In a romantic pickle? Get your questions answered by clinical psychologist Dr. Lian Bloch, in a feature we call Love, Lenny.
Q: I'm 28 years old and just found myself ending a yearlong relationship after my boyfriend cheated on me. While at first I was devastated, I also stopped to realize that I've been engaging in a pattern of serial monogamy since high school. I'm going to be moving across the country in a month for work, where I'll be 3,000 miles away from any friends and family. This is definitely exciting, but I'm afraid I'll quickly fall into the search for my next boyfriend and repeat what has been a very unsuccessful relationship cycle. I'm a generally confident and decisive person, but when it comes to being alone, I've realized I don't even know how to do this. I know the most important relationship is the one with myself and that there are many other women around my age in my situation, so hopefully this resonates with anyone else feeling like this. Do you have any advice on how to become comfortable being alone so I can embrace being single?
A: Being alone ain't easy for a lot of people, says Dr. Bloch, especially during the time in your life when you're bombarded with Instagram pics of your friends' sparkly engagement rings and romantic dream vacations full of head-size cocktails and identical beachy sunsets. But there are tons of ways to learn to enjoy being alone, and they all boil down to this: focus on yourself, not on anybody else. (Besides, that couple probably got into a huge fight about who cleans Mr. Whiskers's litter box right after they posed for that cliché sunset shot.)
This might seem foreign to you — as Dr. Bloch puts it, "socioculturally, women tend to be pressured to focus on others." But you need to do you for a while, to ask yourself: What makes me happy? Dr. Bloch has two specific methods for learning what thrills you:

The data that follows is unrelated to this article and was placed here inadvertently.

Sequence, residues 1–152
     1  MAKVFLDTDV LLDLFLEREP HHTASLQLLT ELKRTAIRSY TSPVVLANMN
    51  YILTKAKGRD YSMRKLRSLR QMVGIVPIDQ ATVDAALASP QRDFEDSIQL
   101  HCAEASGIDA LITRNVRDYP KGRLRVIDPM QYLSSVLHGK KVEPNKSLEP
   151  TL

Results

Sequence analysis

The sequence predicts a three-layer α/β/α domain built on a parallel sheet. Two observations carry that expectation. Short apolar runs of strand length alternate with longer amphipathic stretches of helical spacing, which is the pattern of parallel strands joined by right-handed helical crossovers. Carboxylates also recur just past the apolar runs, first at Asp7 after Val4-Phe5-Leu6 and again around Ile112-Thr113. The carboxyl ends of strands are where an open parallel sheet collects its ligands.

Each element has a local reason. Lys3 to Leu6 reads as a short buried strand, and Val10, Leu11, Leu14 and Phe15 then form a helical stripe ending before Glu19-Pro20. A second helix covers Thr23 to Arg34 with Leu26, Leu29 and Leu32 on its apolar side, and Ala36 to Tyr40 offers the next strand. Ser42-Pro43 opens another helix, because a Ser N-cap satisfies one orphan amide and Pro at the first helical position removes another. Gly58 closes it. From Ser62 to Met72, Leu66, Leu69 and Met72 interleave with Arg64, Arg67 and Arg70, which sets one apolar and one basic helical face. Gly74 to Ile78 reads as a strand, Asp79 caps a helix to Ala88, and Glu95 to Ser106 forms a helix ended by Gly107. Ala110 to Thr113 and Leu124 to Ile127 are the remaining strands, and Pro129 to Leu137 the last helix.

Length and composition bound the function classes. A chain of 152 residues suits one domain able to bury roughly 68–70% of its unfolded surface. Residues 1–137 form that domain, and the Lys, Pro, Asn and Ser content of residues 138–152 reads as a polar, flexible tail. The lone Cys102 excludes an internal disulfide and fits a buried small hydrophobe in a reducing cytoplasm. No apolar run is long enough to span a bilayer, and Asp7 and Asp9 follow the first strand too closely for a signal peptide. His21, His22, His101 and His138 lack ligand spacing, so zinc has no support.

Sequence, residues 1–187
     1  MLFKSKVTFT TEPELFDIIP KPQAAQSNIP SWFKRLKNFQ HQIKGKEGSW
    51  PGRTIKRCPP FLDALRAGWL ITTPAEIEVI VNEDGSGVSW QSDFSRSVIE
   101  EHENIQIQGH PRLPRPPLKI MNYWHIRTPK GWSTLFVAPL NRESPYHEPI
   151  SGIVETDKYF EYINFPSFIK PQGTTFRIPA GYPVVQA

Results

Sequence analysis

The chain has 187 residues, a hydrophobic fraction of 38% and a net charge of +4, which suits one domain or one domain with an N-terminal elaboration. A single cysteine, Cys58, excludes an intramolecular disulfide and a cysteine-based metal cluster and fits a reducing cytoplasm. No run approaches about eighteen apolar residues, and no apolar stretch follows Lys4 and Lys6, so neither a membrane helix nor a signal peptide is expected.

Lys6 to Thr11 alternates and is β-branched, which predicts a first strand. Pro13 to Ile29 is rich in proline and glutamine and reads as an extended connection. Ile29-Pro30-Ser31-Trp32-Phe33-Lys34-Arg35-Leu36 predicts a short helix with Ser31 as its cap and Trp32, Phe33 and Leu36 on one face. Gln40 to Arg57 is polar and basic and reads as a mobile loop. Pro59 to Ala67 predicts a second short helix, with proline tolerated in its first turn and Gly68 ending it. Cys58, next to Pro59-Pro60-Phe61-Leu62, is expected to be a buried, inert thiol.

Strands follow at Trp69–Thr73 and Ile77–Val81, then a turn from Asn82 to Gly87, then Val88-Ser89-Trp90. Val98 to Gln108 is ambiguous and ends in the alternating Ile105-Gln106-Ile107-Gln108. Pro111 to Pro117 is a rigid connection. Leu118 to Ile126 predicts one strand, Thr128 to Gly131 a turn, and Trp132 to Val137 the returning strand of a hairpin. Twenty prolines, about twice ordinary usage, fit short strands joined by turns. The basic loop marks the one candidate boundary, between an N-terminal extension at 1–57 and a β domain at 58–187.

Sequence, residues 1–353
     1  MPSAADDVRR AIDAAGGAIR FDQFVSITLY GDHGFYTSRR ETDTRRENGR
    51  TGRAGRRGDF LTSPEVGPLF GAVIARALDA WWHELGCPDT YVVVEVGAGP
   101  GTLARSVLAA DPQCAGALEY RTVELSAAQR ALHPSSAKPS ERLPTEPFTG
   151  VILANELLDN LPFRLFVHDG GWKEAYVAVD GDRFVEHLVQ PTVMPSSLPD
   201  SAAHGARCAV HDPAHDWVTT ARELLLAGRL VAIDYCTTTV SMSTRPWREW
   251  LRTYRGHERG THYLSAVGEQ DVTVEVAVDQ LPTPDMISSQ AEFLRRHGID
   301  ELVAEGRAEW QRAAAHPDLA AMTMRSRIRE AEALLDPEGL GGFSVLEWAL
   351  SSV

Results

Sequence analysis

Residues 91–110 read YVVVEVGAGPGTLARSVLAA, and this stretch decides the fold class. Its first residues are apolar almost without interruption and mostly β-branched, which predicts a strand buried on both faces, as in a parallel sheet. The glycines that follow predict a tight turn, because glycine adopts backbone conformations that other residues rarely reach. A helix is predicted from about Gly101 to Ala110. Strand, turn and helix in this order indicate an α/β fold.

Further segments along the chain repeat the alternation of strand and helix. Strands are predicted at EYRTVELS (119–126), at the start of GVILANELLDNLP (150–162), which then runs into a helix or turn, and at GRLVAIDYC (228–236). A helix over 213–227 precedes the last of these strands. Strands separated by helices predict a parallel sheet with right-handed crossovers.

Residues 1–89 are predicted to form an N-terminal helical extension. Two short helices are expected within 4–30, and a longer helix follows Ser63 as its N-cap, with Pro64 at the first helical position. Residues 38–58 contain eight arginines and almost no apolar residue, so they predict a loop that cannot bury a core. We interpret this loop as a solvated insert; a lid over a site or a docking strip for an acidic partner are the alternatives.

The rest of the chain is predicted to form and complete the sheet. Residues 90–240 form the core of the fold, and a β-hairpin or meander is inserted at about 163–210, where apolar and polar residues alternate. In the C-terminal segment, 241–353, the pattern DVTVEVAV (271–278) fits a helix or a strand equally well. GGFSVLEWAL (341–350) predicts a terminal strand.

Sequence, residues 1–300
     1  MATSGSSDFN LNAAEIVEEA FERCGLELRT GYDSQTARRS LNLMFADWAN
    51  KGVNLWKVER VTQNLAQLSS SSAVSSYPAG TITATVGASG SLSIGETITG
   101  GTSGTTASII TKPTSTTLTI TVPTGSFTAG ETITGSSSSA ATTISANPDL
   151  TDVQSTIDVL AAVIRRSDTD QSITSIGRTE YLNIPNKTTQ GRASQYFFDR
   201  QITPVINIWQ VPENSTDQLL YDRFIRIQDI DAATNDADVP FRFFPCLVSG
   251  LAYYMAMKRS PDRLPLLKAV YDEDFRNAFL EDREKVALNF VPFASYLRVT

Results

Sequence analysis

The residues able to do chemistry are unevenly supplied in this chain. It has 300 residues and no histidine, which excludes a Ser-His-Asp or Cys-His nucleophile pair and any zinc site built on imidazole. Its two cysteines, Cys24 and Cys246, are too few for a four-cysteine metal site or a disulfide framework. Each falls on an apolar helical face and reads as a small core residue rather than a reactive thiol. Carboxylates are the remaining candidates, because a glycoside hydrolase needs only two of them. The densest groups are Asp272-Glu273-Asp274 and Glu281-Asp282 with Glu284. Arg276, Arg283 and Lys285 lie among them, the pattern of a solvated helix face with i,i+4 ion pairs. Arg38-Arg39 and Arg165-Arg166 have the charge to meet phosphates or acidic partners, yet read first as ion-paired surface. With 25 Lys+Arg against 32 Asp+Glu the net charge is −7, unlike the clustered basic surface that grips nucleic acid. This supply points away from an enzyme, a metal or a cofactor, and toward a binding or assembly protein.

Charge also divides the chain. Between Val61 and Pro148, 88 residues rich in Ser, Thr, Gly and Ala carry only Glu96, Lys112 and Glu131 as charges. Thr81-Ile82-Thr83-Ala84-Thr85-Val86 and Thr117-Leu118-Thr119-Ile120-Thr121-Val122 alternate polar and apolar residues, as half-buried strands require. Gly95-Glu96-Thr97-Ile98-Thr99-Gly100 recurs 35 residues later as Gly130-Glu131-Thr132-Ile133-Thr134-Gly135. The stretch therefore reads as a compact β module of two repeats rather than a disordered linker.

Learn what makes you happy day to day.
Dr. Bloch suggests: "Each day for a week, log three activities or experiences that brought you joy. For example: starting the day with a workout, a happy-hour drink with a coworker, reading another chapter of a new book. Do more of those things."
Learn what makes you happy in interactions with others.
"Each day for a week, log one notably gratifying interaction," says Dr. Bloch. "Reflect on what it was about that interaction that was satisfying. For example: having someone really listen to something that was bugging you, a deep-dive conversation about a current political issue, or a major laugh sesh during a phone date with a friend in another state."
Ultimately, figuring out what makes you happy, and doing those things, will allow you to know yourself better. And knowing yourself better will help you figure out exactly what drew you into serial monogamy with unsatisfying fuckwits in the first place. Or, as Dr. Bloch puts it, "Self-awareness provides the hindsight to understand what didn't go well in previous relationship 'cycles' and also clarifies what to actively pursue in a future relationship."
Enjoy your new town, letter writer, and treat yourself to a solo drink while reading the latest tabloid of your choosing. You've earned it.
If you want your questions answered by Dr. Bloch, email firstname.lastname@example.org and put "Relationships" in the subject line.